As a child recovering from the school years, she found the power to entertain her family with her writing. Through her writing, she was developing a world of imagination in which she controlled everything that happened. She went on to create young women somewhat like herself, but whose perceptions and judgments were shown to matter; who were able to influence their own fates significantly, and who could even give their parents good advice. Her delight in this work is obvious.
It’s pity that this Big Idea, the organising principle of Tomalin’s book, nowadays comes almost too readily to hand in writing any artist’s life. A highly stylised genre doesn’t necessarily express a particular writer’s inner life: how can it, when the features of plot and character Tomalin lists are standard in classic comedy, romance and fairy tale? Tomalin’s psychoanalytic use of the novels reduces the effect of the letters, where Austen at least speaks for herself. The comedies take the Life over, by virtue of the idealised spirit of comedy, not the toughness, irony and frequent cynicism that more particularly characterise Austen’s writing. This pleasing, polished book goes some way towards a mixed mode – fictionalised memoir or biographical novel.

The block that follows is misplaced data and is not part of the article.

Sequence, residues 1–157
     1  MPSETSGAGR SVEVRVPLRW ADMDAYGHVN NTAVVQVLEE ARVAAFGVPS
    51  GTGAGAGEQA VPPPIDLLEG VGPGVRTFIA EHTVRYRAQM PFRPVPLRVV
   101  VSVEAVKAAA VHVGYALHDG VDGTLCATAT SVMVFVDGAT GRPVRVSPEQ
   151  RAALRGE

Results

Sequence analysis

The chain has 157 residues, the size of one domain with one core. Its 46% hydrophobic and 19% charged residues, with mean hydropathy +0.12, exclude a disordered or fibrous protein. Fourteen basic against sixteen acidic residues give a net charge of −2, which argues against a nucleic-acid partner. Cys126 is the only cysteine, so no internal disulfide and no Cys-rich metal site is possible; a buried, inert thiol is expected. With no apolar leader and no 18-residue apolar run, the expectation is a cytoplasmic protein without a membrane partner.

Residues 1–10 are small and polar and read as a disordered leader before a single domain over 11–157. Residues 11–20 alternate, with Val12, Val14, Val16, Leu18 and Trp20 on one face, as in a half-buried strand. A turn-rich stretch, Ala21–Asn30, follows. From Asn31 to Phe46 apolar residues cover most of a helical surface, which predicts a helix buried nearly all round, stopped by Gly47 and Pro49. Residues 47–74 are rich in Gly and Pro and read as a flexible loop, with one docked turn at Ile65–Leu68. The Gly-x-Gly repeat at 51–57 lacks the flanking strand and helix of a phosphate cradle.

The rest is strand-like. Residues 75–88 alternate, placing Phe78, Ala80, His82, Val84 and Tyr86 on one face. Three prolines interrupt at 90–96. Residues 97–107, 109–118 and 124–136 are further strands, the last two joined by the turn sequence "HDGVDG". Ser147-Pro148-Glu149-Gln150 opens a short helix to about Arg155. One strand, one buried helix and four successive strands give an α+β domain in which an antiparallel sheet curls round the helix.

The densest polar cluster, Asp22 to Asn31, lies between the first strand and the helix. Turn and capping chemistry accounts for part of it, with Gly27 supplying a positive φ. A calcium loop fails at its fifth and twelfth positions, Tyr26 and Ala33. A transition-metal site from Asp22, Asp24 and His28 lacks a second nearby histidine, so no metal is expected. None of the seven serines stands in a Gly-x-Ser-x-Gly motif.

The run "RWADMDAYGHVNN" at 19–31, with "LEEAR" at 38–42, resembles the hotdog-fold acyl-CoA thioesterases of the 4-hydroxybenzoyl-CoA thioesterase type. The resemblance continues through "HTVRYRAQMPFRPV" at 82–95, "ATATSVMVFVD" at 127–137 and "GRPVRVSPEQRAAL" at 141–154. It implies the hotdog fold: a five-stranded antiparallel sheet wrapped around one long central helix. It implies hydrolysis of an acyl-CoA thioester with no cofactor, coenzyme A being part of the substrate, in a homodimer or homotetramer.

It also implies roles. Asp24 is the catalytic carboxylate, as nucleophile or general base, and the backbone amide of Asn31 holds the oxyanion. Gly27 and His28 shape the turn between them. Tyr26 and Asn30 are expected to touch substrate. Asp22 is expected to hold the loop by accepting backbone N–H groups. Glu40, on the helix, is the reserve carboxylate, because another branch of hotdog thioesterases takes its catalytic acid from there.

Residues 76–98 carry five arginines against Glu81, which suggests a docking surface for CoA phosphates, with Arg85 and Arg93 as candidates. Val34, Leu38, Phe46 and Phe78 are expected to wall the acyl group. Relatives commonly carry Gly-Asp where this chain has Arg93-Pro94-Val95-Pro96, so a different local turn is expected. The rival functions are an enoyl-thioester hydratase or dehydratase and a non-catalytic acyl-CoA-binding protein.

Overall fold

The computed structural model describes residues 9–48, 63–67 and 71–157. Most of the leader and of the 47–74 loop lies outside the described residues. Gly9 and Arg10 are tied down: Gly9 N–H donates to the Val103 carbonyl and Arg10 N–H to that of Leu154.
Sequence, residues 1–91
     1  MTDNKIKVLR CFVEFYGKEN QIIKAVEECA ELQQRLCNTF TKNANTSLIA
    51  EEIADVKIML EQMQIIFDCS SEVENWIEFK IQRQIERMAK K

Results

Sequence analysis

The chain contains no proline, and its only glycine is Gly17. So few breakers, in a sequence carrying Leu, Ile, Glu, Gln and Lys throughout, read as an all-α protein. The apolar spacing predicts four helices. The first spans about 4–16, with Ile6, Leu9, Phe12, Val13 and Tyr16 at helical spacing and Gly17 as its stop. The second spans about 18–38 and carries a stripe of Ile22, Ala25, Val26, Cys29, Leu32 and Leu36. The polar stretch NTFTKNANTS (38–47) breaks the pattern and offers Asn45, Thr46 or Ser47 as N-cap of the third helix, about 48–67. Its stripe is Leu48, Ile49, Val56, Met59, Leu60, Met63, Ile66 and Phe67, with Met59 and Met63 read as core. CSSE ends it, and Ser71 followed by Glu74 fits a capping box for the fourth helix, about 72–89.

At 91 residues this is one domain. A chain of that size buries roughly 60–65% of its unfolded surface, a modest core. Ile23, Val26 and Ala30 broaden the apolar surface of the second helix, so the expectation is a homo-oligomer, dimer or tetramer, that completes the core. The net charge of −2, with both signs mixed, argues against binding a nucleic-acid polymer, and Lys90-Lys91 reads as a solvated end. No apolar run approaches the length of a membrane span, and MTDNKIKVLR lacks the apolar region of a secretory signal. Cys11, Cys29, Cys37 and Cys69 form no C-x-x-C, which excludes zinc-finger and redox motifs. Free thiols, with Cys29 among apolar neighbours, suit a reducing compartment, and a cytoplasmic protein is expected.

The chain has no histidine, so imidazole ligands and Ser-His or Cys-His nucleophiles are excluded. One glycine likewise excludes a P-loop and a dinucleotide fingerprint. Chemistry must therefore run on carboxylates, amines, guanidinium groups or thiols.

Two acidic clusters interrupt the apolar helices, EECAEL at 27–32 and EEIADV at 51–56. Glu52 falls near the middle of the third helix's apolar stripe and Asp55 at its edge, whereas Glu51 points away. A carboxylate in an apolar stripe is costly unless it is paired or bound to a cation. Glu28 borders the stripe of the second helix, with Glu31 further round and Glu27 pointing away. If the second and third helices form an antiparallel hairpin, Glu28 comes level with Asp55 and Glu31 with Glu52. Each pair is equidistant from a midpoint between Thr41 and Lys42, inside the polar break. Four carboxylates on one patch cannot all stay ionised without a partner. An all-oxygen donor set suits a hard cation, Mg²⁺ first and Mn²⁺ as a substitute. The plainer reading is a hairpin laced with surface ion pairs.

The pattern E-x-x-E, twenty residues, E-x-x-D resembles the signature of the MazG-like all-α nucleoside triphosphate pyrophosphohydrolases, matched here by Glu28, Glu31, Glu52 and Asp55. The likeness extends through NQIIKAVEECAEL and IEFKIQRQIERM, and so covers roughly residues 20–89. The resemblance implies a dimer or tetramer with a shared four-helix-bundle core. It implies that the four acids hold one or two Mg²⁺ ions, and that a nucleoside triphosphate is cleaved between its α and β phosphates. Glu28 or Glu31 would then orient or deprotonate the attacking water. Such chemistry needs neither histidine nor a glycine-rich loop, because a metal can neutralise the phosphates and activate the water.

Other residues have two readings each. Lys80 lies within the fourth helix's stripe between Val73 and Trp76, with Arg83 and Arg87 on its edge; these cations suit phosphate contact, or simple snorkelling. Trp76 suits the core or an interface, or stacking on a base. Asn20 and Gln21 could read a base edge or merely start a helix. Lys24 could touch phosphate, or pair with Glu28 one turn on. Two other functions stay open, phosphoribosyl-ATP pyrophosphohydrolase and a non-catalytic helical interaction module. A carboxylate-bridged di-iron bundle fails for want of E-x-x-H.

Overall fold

Burying Scott by Marilyn Butler

Burying Scott
Marilyn Butler

  • The Life of Walter Scott: A Critical Biography by John Sutherland
    Blackwell, 386 pp, £19.99, January 1995, ISBN 1 55786 231 1

London Review of Books – Vol 17, no. 17 – 7 September 1995, p. 10-11